III MEF. “In this mock attack, we h ave u se d a si mu late d nerve agent.” The scena rio bega n w it h Marines scanning the perimeter of t he at tack. A s t hey worked their way around the area, they came across two Marines who had been affected. The focus then shifted to safely evacuating the Marines. “ Tr a i n i n g on t h i s s c a le brings (the many facets of our expertise) all together, especially for the junior Marines,” said Clemenson. “They get to realize how big an attack of this nature can be and what an im-
pact something like this could have. We need these exercises as learning tools.” The CBRN exercise provided the Marines with excellent, critical training which tested them both physically and mentally. The Marines were able to come toget her and ca rry out operations in the scenario, according to James V. Altman, the CBRN protection officer for MCAS Futenma. “I’m very pleased with what I saw today,” sa id A lt ma n. “Training opportunities like this are (necessary), and the Marines performed flawlessly.”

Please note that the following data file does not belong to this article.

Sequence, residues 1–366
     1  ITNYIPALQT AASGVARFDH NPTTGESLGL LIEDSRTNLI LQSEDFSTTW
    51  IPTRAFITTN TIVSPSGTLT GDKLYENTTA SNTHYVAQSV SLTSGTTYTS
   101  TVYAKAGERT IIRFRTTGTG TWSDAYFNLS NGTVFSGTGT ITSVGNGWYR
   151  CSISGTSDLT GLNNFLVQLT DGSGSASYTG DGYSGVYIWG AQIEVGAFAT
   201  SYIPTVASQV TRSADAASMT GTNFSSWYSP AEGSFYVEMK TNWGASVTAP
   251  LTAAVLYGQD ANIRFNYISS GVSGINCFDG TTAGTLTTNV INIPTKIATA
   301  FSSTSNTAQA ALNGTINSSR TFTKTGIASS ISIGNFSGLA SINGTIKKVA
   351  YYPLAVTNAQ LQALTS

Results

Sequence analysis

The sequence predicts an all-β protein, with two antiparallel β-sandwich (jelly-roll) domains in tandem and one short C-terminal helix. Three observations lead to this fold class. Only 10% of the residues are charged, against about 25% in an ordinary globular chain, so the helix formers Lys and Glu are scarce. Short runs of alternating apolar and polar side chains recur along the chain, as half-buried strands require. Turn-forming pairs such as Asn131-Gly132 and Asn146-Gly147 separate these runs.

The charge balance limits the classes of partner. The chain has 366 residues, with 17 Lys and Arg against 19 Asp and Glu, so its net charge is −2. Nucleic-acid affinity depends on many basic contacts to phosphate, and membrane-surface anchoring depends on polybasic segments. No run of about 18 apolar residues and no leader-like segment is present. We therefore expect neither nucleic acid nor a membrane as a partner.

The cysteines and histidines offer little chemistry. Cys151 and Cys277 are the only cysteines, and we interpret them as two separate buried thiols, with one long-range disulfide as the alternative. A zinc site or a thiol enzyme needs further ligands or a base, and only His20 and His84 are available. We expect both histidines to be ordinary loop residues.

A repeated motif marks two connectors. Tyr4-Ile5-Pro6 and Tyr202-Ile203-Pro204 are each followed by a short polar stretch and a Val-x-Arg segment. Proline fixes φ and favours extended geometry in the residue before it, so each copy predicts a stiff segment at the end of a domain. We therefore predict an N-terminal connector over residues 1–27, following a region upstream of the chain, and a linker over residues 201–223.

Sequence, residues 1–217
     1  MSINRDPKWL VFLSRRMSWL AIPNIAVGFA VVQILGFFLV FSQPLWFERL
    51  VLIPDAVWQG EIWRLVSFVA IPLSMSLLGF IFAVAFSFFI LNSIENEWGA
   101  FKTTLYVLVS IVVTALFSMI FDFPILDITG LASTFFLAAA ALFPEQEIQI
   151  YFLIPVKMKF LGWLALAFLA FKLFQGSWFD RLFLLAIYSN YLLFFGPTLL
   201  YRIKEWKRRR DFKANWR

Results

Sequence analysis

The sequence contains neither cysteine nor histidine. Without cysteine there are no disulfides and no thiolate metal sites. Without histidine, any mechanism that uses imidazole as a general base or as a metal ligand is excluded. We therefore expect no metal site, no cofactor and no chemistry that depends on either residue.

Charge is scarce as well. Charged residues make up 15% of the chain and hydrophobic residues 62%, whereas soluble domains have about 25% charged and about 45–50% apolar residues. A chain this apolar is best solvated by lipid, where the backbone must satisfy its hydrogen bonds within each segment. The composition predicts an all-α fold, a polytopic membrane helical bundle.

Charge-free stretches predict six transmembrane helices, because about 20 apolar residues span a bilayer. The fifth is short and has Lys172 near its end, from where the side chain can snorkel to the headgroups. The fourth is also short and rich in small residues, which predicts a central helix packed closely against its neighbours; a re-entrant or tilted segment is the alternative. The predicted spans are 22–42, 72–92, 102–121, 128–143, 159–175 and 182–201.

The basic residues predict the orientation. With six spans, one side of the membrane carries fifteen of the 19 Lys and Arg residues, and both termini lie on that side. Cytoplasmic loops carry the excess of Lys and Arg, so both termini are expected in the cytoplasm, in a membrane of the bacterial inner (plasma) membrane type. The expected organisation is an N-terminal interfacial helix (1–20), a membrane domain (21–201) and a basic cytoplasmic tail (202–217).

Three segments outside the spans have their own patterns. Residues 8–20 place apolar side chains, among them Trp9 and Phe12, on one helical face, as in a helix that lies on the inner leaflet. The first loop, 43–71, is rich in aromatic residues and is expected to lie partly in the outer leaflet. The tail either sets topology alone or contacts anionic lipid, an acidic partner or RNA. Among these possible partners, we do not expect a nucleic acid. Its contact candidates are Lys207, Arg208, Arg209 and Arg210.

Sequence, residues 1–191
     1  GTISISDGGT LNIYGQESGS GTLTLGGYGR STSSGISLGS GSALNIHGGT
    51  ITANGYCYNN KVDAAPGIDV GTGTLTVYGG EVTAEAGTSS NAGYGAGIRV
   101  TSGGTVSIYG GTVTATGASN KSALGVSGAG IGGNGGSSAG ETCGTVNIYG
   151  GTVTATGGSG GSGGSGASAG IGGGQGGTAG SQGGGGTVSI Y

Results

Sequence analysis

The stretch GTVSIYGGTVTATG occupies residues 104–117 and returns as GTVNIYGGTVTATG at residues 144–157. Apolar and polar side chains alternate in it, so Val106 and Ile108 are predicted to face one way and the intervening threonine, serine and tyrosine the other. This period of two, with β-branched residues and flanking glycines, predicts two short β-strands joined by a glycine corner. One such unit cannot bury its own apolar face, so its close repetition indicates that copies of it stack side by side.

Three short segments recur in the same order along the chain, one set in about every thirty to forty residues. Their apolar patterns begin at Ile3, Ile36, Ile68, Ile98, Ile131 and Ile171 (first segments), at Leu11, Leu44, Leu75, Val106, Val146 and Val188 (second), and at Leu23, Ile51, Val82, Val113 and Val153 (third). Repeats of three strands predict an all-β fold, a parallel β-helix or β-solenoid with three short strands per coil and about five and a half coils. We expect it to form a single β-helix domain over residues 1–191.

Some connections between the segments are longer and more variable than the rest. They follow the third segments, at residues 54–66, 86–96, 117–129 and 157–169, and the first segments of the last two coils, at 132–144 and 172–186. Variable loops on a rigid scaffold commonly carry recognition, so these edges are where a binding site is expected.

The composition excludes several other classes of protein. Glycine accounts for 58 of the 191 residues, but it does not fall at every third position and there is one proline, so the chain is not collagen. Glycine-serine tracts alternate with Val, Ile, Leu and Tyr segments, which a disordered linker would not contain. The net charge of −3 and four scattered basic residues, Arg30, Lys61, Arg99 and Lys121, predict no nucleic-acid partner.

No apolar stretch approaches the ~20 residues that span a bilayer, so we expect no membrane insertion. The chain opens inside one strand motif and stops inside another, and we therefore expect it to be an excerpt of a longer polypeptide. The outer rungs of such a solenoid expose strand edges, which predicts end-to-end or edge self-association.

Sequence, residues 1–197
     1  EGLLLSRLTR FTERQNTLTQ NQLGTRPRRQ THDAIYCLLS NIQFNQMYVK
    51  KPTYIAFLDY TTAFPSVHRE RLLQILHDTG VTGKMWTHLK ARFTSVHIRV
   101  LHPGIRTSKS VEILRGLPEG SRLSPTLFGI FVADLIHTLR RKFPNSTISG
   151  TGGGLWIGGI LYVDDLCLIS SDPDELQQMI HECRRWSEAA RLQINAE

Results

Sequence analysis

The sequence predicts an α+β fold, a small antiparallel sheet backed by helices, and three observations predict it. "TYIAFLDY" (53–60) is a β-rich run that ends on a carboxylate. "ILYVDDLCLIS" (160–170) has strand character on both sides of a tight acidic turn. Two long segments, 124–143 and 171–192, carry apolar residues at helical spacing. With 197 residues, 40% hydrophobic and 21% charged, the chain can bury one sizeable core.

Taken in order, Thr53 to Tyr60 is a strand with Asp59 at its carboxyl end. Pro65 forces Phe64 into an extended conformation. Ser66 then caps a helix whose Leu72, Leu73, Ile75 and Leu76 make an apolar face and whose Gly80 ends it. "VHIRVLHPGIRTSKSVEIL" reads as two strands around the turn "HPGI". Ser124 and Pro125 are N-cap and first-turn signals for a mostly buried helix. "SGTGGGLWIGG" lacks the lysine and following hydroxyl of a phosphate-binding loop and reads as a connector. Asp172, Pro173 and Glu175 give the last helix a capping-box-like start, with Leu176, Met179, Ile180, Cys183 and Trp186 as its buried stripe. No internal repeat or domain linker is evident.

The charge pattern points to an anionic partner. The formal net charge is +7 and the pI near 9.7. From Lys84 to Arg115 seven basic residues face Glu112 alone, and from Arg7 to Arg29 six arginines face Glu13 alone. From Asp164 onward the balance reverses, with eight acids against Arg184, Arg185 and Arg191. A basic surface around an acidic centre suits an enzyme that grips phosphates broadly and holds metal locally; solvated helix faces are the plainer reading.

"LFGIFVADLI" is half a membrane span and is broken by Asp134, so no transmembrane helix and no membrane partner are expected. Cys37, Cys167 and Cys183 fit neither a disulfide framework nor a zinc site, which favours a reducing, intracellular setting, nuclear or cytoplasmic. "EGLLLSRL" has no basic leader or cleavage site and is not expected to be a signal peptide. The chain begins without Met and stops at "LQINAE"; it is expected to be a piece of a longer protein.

A Marine passes through a decontamination station during chemical, biological, radiological and nuclear assessment and consequence management training at Marine Corps Air Station Futenma Aug. 31. This training gave Marines a chance to test their skills and carry out all the procedures they normally would if a CBRN attack were to happen.
okinawa marine | NEWS | september 7, 2012 LSSS from pg 1 a result, LSSS is no longer responsible only for the units and commands on Okinawa. “This reorganization will bring better services and advice to the commands and commanders we support here in the Pacific” said Chief Warrant Officer Robert R. Bender, a legal administrative officer with Combat Logistics Regiment 37, 3rd Marine Logistics Group, III Marine Expeditionary Force. “Before this reorganization, we only provided services to Marines on Okinawa,” said Bender. “Now, with the regional concept, the legal services support section will have the same area of operation as Marine Corps Installations Pacific.”
As well as the changing area of operations, the roles and responsibilities assigned to LSSS and command staff judge advocates are now more clearly defined. LSSS will maintain the services aspect, while the staff judge advocates will provide command advice. The change to a regional service system will not only benefit clients, but also newer attorneys. The reorganization will bring experienced attorneys back into the courtroom and allow for mentorship of junior attorneys daily, according to Bender. Each region will have a prosecutor with complex litigation teams to mentor and educate prosecutors throughout the region, as well as to try the more complex cases which arise, according to